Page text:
Introduction: Lego Wall Clock
I wanted to make a Lego wall clock for my son's birthday. I did some quick looking on line thinking I could find one premade, but I couldn't - just Lego themed normal clocks. I wanted a clock made out of Legos - here's how I made it.
Step 1: Obtain Parts
Here are the parts that I used for this project:
Large Green Baseplate Lego Site
Minifigures: when I purchased these, there was a special for 4 random minifigures for a couple of dollars, I think. Obviously, optional.
The following parts were ordered from Lego's Pick-A-Brick site:
To find these parts, enter text between single quotes into Brick Name field on Pick-A-Brick.
'Plate 1X1' (many, assorted colors)
Quantity 1: 'Plate 1X8' (hour hand)
Quantity 1: 'Plate 1X12' (minute hand)
Quantity 1: 'Clamp 1X2' (handle for figure to hold on to)
Quantity 4: 'Plate 2X2 Angle' (stands for figures)
As far as number of the Plate 1x1, I took a guess. Most of the colors I ordered 12, but since there weren't 12 different colors, on some I ordered 30 just to be safe. As you can see, the 2 took 14 of these plates, while the 1 takes 6. Of course, you don't have to use 1X1 plates, you can mix and match sizes and shapes, but I didn't want to get that complex.
This is a very basic quartz clock movement. It should be available at hobby or craft stores, as well as many sources online. If you pay more than $10, it's probably too much. The one I bought was number 10002 from Klockit.com. It came with free hands which I did not use, but they were nice for sizing the holes in the Lego hands.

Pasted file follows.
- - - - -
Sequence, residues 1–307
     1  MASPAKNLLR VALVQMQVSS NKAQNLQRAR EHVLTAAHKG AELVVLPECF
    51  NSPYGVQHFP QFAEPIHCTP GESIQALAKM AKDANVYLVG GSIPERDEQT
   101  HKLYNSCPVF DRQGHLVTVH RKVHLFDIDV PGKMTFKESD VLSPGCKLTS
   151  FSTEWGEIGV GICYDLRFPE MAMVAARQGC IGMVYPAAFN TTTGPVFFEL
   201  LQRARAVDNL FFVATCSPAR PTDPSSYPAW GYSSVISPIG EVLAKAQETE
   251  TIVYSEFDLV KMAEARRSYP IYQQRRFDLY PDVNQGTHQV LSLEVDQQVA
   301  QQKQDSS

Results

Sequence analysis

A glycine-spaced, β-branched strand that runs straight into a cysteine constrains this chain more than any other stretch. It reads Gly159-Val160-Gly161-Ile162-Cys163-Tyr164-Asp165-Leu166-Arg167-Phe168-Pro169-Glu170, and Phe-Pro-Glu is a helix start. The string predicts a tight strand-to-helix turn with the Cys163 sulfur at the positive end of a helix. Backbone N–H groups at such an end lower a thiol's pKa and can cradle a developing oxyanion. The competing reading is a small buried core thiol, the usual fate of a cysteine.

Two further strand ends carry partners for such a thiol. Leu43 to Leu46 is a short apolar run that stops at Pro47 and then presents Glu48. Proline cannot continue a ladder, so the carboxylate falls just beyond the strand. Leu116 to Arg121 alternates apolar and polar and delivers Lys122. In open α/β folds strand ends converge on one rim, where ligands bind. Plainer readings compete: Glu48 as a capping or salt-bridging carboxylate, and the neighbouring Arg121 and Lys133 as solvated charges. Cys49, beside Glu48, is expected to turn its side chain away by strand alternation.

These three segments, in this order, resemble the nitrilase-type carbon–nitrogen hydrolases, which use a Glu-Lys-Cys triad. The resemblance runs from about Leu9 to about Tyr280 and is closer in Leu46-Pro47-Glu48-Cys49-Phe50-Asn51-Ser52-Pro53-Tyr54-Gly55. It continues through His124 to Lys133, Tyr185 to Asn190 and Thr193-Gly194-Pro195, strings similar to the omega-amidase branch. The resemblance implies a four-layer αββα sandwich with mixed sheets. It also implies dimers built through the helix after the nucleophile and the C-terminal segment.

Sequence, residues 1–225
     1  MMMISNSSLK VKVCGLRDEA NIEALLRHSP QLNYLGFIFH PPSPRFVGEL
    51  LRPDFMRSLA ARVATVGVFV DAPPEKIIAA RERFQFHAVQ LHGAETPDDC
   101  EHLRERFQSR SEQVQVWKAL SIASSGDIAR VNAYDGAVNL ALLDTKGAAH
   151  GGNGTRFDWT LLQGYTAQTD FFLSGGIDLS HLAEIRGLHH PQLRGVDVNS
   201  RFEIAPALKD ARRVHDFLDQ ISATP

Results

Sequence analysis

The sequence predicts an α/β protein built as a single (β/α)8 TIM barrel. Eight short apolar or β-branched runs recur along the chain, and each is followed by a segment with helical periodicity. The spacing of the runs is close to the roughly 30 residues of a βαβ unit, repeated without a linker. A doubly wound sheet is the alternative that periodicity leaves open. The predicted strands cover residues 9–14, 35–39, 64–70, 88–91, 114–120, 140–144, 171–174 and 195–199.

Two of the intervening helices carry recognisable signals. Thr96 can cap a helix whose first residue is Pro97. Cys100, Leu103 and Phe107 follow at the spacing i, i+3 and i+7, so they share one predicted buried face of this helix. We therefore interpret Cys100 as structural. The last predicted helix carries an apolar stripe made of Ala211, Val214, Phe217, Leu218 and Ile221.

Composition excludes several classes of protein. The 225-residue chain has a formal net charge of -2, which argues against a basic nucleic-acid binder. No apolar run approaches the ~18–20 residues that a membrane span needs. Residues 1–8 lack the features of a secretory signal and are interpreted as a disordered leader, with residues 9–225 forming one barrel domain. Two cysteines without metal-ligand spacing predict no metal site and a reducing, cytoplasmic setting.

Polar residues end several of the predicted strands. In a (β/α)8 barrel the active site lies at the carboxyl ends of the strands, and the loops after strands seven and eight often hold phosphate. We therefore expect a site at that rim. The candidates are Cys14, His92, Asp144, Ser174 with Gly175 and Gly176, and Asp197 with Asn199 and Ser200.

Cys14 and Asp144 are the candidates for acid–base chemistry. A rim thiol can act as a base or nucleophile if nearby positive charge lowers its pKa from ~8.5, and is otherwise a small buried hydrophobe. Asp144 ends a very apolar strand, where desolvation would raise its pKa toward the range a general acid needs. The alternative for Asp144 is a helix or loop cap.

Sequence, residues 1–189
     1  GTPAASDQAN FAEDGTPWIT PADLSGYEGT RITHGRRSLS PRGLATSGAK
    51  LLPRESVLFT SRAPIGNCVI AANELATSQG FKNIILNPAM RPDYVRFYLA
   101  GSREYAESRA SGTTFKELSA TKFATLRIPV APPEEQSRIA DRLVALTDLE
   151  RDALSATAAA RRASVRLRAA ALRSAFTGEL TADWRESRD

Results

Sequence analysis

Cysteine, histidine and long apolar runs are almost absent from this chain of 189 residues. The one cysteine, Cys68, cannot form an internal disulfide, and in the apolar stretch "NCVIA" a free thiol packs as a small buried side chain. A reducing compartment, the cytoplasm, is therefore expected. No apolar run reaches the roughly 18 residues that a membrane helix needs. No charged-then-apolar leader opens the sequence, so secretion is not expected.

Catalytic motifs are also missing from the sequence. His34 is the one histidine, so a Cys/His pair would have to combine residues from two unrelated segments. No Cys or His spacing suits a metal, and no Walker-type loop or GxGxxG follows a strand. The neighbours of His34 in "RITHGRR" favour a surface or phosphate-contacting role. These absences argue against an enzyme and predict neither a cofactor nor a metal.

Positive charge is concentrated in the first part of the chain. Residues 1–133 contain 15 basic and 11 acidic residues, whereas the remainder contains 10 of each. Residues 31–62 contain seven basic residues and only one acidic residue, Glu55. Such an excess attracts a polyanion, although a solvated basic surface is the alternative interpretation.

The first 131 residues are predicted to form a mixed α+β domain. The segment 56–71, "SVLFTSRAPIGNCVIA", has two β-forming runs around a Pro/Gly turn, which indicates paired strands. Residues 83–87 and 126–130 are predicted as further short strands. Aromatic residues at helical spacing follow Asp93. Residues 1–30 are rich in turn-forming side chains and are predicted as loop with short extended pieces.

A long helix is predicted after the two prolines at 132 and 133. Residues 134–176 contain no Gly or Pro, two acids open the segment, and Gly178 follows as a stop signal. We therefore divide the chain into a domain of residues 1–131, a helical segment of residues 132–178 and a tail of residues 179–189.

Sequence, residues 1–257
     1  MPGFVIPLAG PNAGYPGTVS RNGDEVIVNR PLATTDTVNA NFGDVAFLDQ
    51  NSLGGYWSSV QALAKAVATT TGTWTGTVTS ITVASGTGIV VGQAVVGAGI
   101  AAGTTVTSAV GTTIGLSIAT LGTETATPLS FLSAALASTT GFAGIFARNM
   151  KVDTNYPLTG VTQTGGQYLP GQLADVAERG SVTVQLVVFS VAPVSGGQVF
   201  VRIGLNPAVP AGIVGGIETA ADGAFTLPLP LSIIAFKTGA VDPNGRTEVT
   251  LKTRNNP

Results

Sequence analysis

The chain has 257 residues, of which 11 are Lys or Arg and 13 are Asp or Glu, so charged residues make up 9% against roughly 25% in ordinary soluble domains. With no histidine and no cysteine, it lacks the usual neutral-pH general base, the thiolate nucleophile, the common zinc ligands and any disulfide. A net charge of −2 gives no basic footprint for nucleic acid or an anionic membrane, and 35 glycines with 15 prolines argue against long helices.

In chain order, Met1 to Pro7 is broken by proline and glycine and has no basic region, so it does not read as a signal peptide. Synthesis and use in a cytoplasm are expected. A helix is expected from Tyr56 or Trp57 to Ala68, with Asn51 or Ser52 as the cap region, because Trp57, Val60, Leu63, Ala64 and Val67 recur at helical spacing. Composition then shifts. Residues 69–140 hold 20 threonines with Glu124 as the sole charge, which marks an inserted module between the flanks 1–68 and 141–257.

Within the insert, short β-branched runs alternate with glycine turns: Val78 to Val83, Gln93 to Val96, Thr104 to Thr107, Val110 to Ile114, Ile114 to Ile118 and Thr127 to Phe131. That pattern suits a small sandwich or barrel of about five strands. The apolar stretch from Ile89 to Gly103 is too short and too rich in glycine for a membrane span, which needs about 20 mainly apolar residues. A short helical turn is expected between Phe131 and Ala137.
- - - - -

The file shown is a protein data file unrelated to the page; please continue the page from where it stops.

Step 2: Drill Hole in Large Base Plate
Mark the center of the plate with a pencil on the back. Plate is about 10" across, so center is around 5", right in between 4 studs on the plate. First drill a starter hole with a small bit (1/16"), then drill with shaft diameter of the clock movement. Mine was 5/16".
Check for correct fit, but do not fasten motor yet.
Step 3: Make Clock Face
This is the part that took me the longest. I kept putting the numbers in the wrong place. I'd advise to start with 12, then 6, then 3 & 9. Fill in the rest of the numbers after. My numbers were generally 6 blocks high by 4 block wide. This took some experimenting before I was happy.
Step 4: Make Hands
The hour hand is pretty straightforward. Typically, the hole for this hand is round. Use a drill bit to find the size of the hour hand that came with the movement. Drill first with a small bit (1/16" again) right in the center of the last stud. Then drill out with the larger bit. I had to file it a bit before it would slip over the shaft. In my case, this basically removed the last stud in the hour hand.
The minute hand was trickier. I found that placing the minute hand on directly interfered with the hour hand because of the thickness of the lego parts. Because of this, I used a 1X1 plate as the point where the minute hand shaft is connected. The hole is oblong, so I used a drill to make an oblong hole. After I got a good snug fit, I then super glued the 1X1 plate with the hole to the bottom of the 1X12 plate. I originally drilled a small hole in the minute hand, but I shouldn't have - the shaft won't go through to the minute hand.
Because the 1X1 plate is right up against the hour hand, as it spun the corners of the plate touched the stud on the hour hand. I used a file to file off the sharpness off the corners of the 1X1 plate that was glued to the bottom of the minute hand.
Step 5: Final Assembly
Mount the clock motor onto the base plate.
Press on the hour hand.
Press on the minute hand.
Check for ease of movement by spinning the minute hand, making sure it doesn't touch the hour hand except in the center, and that there is no interference of movement in the center.
Decorate with minifigures.
Hang by the built in hanger on the back of the clock motor.